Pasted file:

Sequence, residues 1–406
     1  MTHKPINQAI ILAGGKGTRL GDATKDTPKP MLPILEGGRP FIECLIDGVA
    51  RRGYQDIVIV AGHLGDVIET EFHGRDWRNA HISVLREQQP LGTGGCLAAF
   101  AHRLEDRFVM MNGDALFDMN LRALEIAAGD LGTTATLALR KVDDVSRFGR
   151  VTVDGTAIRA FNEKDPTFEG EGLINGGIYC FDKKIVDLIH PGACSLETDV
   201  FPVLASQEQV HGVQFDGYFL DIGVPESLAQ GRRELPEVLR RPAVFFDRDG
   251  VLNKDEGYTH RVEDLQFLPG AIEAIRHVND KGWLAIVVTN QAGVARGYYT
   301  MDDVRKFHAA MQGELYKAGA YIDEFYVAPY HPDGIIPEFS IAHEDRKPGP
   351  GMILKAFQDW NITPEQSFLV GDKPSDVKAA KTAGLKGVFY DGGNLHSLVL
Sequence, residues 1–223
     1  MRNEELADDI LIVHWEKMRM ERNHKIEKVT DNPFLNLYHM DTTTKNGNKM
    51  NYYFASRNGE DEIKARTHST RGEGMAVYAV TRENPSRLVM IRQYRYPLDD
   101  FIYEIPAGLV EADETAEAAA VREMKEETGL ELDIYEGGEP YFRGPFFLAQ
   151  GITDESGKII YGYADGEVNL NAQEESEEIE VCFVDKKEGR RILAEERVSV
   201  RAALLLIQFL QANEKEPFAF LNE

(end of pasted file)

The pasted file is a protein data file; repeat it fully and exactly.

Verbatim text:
Sequence, residues 1–406
     1  MTHKPINQAI ILAGGKGTRL GDATKDTPKP MLPILEGGRP FIECLIDGVA
    51  RRGYQDIVIV AGHLGDVIET EFHGRDWRNA HISVLREQQP LGTGGCLAAF
   101  AHRLEDRFVM MNGDALFDMN LRALEIAAGD LGTTATLALR KVDDVSRFGR
   151  VTVDGTAIRA FNEKDPTFEG EGLINGGIYC FDKKIVDLIH PGACSLETDV
   201  FPVLASQEQV HGVQFDGYFL DIGVPESLAQ GRRELPEVLR RPAVFFDRDG
   251  VLNKDEGYTH RVEDLQFLPG AIEAIRHVND KGWLAIVVTN QAGVARGYYT
   301  MDDVRKFHAA MQGELYKAGA YIDEFYVAPY HPDGIIPEFS IAHEDRKPGP
   351  GMILKAFQDW NITPEQSFLV GDKPSDVKAA KTAGLKGVFY DGGNLHSLVL
Sequence, residues 1–223
     1  MRNEELADDI LIVHWEKMRM ERNHKIEKVT DNPFLNLYHM DTTTKNGNKM
    51  NYYFASRNGE DEIKARTHST RGEGMAVYAV TRENPSRLVM IRQYRYPLDD
   101  FIYEIPAGLV EADETAEAAA VREMKEETGL ELDIYEGGEP YFRGPFFLAQ
   151  GITDESGKII YGYADGEVNL NAQEESEEIE VCFVDKKEGR RILAEERVSV
   201  RAALLLIQFL QANEKEPFAF LNE